My reviews of the Best Picture Nominees will be up shortly as I have just now fully recovered from sitting in a theater all day yesterday, but I have to say thanks to the great AMC people who let me and Ajay attend yesterday. Thanks, guys!

And in case you’re wondering, the nasty sinus infection I have is not doing anything but exacerbating my natural combination of cynicism and sarcasm.

7:30: Duly impressed by the curtain that seems to be made entirely out of diamonds. They probably had Kate Winslet and Leonardo DiCaprio back stage weaving that in exchange for the two finally getting a damn Oscar.

7:37: Hugh Jackman is knocking out a powerful musical number surrounded by sets that look purposely constructed from salvage yard materials. Poor Hugh Jackman. He’s not a great singer but you can tell he’s hearkening back to Billy Crystal. Incidentally, he does sing better than Billy Crystal, that’s for sure.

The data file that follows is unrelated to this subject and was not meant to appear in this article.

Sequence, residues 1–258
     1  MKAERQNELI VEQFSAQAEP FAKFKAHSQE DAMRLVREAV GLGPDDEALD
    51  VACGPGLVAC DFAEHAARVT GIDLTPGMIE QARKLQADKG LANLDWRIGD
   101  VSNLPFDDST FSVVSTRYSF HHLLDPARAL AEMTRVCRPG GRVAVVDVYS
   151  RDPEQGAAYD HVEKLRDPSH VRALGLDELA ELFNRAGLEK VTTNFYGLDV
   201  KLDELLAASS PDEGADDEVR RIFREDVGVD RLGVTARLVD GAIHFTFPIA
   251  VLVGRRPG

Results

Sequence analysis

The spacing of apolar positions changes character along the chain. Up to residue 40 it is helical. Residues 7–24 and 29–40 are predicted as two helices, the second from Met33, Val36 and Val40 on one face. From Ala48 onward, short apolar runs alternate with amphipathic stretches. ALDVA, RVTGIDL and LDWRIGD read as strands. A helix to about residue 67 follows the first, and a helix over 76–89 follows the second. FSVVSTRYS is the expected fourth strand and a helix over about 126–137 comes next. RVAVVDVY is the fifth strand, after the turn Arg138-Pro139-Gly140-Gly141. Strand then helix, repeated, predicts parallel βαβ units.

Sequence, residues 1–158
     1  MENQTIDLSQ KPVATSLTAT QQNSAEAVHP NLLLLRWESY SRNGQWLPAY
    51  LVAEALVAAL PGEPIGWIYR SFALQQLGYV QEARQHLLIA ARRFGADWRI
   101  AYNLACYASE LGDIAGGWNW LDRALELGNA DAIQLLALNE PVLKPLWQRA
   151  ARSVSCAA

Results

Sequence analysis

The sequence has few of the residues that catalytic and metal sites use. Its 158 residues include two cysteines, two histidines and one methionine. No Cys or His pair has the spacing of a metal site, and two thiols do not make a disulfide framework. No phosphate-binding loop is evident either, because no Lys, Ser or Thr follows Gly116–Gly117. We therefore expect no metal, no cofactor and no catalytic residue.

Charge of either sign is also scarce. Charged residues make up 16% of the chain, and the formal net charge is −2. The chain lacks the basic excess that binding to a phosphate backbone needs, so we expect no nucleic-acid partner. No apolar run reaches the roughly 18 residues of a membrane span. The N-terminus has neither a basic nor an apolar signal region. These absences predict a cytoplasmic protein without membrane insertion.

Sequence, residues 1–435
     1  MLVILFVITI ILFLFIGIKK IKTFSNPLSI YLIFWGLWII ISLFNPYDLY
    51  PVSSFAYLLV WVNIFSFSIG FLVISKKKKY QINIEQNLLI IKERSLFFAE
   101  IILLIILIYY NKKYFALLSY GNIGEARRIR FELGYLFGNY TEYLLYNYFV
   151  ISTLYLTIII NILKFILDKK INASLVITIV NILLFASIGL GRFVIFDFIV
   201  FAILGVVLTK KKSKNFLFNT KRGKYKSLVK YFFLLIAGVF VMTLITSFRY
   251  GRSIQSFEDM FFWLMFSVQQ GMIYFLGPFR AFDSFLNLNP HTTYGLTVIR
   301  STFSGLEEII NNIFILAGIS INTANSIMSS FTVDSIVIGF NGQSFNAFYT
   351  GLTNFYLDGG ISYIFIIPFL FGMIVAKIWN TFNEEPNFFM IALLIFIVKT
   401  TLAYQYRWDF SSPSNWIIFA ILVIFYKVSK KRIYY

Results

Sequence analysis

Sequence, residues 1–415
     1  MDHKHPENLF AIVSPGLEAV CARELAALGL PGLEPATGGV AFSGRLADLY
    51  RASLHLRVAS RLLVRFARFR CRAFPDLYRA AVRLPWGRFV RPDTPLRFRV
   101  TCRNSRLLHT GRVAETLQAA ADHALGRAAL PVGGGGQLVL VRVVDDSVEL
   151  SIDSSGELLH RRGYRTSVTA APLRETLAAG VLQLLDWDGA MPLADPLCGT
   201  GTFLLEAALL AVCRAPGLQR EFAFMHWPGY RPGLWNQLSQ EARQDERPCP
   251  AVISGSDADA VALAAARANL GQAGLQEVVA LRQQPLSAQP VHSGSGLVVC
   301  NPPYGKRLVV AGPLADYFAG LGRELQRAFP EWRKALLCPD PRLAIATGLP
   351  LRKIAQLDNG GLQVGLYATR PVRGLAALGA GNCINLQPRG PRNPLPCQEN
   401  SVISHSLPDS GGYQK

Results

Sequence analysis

7:39: Hugh is talking to Mickey Rourke and holy shit, does Mickey look like an ex-pat drug dealer from Tijuana? WHAT IS UP WITH THAT SILVER FRONT TOOTH, Mickey Roarke? You crazy, crazy man.

7:42: Woah, they brought back Tilda Swinton, Eva Marie Saint, Whoopie Goldbert, Goldie Hawn and Anjelica Huston for this award? Tilda, incidentally looks fiercely amazing, even though she’s wearing a knotted up flour sack. With lipstick.

Also, I love that they wrote a Sister Act joke for Whoopie Goldberg…but the ass-kissing overkill that each lady is introducing is eyerolling. “Love is timeless”, eh, Goldie Hawn? Yeah, no shit.

Cruz wins the award for Vicky Cristina Barcelona…I have no comment. I hate Woody Allen films. Yeah, go ahead, eviscerate me in the comments. I HATE WOODY ALLEN AND I WILL NOT BE ASHAMED. But Cruz is pretty sweet.